The World Health Organization (WHO) on Friday approved Johnson & Johnson’s COVID-19 vaccine for emergency use, while also firmly endorsing AstraZeneca’s COVID-19 vaccine as some countries continued to suspend its use.
WHO spokeswoman Margaret Harris described AstraZeneca’s vaccine at a virtual briefing hosted in Geneva as “excellent” and said that “we should continue” to use the vaccine.
The WHO endorsement came as Thailand followed an increasing number of European countries in suspending AstraZeneca’s use because of periodic blood clots among recipients. Bulgaria and the Democratic Republic of the Congo also suspended AstraZeneca use Friday. However, AstraZeneca said in response to the claims that there was “no evidence of an increased risk.”
The European Medicines Agency, a European Union body that supervises medical products, said in a statement that the AstraZeneca vaccine’s “benefits continue to outweigh its risks and the vaccine can continue to be administered while investigation of cases of thromboembolic events is ongoing.” Thromboembolic events occur when a blood clot breaks loose and travels through the body, causing harm.
The WHO had already approved the AstraZeneca vaccine for global emergency use and on Friday broadened global access to inoculations by approving Johnson & Johnson’s vaccine, the first to be administered in a single injection instead of two. The WHO also previously backed the vaccine by Pfizer-BioNTech, making for a total of three vaccine approvals.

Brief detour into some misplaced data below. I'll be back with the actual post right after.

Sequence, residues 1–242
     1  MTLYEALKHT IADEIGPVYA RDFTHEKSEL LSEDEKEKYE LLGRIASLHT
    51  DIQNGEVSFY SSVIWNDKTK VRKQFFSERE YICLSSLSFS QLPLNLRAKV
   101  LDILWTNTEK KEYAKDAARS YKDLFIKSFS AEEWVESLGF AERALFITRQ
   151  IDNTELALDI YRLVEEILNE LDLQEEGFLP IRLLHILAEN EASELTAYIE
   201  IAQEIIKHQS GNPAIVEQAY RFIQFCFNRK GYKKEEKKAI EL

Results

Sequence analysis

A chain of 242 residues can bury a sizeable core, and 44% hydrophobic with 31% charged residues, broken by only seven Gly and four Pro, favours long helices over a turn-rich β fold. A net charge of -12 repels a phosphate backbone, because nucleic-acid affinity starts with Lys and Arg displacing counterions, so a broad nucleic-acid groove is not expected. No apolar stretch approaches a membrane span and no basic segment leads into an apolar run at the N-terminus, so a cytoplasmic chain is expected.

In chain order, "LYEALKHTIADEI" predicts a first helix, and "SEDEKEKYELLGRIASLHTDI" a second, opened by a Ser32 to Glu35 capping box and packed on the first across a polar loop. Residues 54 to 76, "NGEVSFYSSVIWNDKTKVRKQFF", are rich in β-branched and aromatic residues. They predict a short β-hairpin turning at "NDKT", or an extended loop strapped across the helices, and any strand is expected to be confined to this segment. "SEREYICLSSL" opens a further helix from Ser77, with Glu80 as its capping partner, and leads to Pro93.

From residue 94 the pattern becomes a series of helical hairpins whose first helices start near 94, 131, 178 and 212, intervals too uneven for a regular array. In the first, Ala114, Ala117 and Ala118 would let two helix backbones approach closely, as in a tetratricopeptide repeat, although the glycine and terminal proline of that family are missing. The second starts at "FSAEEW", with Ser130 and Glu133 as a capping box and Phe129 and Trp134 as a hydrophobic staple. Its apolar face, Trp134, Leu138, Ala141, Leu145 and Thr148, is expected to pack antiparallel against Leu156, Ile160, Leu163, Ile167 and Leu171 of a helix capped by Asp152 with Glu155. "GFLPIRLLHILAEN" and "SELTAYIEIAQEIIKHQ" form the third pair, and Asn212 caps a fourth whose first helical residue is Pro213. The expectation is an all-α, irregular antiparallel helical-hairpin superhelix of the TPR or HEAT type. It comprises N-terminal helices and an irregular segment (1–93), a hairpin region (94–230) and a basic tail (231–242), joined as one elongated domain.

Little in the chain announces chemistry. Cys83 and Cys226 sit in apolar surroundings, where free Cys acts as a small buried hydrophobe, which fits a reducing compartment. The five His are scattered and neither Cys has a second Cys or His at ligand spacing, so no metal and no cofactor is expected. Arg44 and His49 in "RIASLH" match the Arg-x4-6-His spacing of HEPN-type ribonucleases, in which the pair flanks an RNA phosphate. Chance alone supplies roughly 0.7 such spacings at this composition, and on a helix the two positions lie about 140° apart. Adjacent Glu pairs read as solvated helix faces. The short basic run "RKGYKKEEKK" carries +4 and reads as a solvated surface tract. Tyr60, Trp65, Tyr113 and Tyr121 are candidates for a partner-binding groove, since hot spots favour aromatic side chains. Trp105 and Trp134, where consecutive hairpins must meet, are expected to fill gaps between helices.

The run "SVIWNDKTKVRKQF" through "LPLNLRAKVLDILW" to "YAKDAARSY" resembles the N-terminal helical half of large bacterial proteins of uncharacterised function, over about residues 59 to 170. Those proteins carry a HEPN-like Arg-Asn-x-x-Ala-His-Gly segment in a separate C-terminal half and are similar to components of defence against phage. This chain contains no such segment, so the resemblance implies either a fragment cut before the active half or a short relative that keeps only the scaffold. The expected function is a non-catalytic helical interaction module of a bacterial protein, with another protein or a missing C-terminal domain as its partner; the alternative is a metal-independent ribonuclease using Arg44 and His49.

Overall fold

“Every new, safe and effective tool against COVID-19 is another step closer to controlling the pandemic,” WHO Director-General Tedros Adhanom Ghebreyesus said in a statement.
In another development Friday, Brazil reported 2,216 COVID-19 deaths in the last 24 hours, the third day in a row that fatalities in the country exceeded 2,000. The stretch of deaths is the worst in Brazil since the pandemic began last year.
Brazil also reported 85,663 new cases of the coronavirus infection Friday, the second-highest number for a day.
Tedros described the situation in Brazil as “deeply concerning” and said that “unless serious measures are taken, the upward trend now flooding the health system and becoming more than its capacity will result in more deaths.”
Also Friday, the United States, Australia, India and Japan agreed to a partnership to make 1 billion vaccines available across Asia by the end of 2022, India’s foreign secretary said at a news conference in New Dehli after a virtual meeting with U.S. President Joe Biden and the leaders of the other countries.
At the virtual summit held by the four countries, the Quadrilateral Security Dialogue, commonly known as the “Quad,” the countries agreed to finance, manufacture and distribute the vaccine across Asia.